Rauan Klassnik recently tweeted:
the end of every poem's like a toilet flushingAnother tweet from one Diana Salier:
— Rauan Klassnik (@Klassnik) March 9, 2012
stop ending your pomes with a period to sound profound.Much as I'm collecting definitions of poetry, I'd love to hear more quotes about endings. Leave them in the comments, or offer your own profundities. In the meanwhile [sic], here are some of Matt Henriksen's lovely and striking endings, robbed from their context.
— diana salier (@dianasalier) April 17, 2012
Various from "Copse" (short untitled poems in a series):
We lived in a small house
in the quiet North.
What I cannot find in the morning is most myself.
to say "aberration,"
to want the day back.
From "Regulations of the Assassins" (beautiful fucking poem):
In all that nonsense I became a gun.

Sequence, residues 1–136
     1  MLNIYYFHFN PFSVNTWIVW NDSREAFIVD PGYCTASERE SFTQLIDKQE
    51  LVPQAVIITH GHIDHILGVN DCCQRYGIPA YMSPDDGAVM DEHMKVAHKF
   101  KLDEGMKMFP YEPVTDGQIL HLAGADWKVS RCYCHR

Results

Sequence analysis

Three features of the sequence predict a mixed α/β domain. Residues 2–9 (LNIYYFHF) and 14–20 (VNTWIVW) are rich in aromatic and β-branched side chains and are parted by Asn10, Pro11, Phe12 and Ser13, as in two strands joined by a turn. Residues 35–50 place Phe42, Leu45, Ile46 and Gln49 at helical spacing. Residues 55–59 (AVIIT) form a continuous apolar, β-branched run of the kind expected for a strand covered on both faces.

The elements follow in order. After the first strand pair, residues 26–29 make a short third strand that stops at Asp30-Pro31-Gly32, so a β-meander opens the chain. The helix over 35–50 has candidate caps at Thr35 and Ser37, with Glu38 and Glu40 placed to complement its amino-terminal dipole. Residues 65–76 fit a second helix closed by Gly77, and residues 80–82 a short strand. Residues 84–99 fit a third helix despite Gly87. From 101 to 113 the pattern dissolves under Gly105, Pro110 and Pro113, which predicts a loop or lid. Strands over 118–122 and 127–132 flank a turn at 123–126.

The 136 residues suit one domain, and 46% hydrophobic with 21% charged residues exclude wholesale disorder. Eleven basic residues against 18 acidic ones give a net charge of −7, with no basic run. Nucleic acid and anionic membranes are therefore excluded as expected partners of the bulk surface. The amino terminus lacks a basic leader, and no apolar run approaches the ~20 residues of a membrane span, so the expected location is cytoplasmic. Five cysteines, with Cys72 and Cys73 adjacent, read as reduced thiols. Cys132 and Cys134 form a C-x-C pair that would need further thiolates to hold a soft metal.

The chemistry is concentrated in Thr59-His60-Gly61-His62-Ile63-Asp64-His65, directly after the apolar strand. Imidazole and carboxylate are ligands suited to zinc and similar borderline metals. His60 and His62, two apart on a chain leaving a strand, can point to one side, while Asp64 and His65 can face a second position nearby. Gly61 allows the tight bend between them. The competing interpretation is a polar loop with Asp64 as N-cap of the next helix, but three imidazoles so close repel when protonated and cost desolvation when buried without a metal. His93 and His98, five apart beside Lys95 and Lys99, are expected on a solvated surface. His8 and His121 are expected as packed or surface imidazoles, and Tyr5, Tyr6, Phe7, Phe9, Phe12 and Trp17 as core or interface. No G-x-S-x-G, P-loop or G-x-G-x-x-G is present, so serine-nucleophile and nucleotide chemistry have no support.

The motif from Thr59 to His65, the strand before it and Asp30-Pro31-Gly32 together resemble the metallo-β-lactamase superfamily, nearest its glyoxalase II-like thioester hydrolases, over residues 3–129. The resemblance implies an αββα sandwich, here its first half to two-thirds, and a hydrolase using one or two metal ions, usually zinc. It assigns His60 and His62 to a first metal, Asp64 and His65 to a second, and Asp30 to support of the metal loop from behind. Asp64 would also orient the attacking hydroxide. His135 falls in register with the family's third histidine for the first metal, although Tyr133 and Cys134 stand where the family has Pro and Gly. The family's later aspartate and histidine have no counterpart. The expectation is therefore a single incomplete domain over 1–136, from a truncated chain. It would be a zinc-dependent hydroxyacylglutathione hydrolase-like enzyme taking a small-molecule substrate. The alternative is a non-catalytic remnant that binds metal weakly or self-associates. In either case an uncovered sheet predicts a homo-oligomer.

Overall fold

It's raining now, goddamn.
From "Afterlife with Still Life":
Your skull is
perfecting the triangle,
making nothing out of three.
Another makes immaculate the mind.
This was the beginning of the third year
no one called for anyone. So it is writ.
What I erase out here repeats forever.
And from "Insomnia" (which I've mentioned before): "Jesus, why must it / be so late, so bright, and so early?" What I wrote was, "The end is like the end of the novel-within-the-movie at the end of Stand By Me (Richard Dreyfuss typing, Doogie-Howser-style, 'Jesus, does anyone?'). This is the Beatles' song of poems, overplayed, over-perfect, over-quotable, and O."
I guess I like endings with rhythm and gravity.